shown that mutations in HLA class I restricted epitopes targeted by CD8+ T cells, occur early in HCV
infection and are associated with persistence [116,117]. The role of HLA alleles in determining the
outcome of HCV infection has been recently studied in an Irish cohort of women accidentally infected
with HCV . The HLA class I alleles A3, B27 and Cw*01 were associated with viral clearance
whereas B8 was associated with viral persistence indicating that the host genetic background is an
important variable that can influence infection outcome . Interestingly stable cytotoxic T cell
escape mutations have been linked to maintenance of viral fitness . According to these authors,
these observations elucidate potential mechanism by which viral persistence is established. Whereas
consequences of stable integration of escape mutations into viral genomes are not clear, it is possible
that epitopes presented by the most prevalent MHC class I molecules in human population will
eventually be lost or become less dominant .
Viruses 2009, 1
4. Conclusions and perspectives
In the last few years, considerable progress has been made in studying humoral and cellular
responses in the course of HCV infection. While the role of neutralizing antibodies in outcome of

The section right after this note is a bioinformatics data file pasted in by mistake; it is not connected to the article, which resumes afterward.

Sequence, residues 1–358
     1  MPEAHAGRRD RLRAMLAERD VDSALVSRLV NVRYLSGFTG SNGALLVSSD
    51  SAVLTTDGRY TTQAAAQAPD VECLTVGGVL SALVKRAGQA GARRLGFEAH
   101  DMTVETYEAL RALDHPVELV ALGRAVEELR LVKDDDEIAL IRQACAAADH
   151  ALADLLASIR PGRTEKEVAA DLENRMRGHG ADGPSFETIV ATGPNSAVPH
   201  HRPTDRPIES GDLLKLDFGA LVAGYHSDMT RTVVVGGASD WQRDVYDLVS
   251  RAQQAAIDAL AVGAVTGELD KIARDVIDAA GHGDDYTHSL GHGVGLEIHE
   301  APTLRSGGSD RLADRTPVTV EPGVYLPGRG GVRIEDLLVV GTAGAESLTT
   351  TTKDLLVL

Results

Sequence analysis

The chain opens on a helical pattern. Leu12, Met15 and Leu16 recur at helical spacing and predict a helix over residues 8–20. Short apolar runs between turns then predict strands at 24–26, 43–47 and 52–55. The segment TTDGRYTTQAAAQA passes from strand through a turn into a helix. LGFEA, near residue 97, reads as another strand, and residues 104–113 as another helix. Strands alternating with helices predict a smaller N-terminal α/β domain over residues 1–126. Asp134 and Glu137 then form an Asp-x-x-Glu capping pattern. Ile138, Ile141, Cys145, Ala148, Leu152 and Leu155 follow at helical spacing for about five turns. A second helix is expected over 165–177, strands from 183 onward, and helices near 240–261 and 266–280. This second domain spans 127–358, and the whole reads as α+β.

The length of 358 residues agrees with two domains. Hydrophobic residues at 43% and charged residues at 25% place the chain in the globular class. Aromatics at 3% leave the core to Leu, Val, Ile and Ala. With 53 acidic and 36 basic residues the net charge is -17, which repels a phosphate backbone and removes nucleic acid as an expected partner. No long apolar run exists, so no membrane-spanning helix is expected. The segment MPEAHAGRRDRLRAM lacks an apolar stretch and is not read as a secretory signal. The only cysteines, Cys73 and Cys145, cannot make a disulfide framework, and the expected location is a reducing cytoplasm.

HCV infection has long been questioned, the development of novel and convenient model systems for
HCV infection showed an association between strong and early neutralizing responses and viral
clearance. A self-limited course of acute hepatitis C is associated with a vigorous CD4+ and CD8+ T
cell response targeting multiple HCV regions and with intrahepatic production of IFN-γ
[23,24,51,56,57]. Clearance of HCV is thus probably mediated by a coordinated action of cellular and
neutralizing immune responses. Only rare studies analyzed in parallel both humoral and cellular
immune responses in the course of HCV infection . Von Hahn et al. demonstrated that during
chronic HCV infection in patient H, HCV is subjected to selection pressure from humoral and cellular
immune responses resulting in the continuous generation of escape variants . These data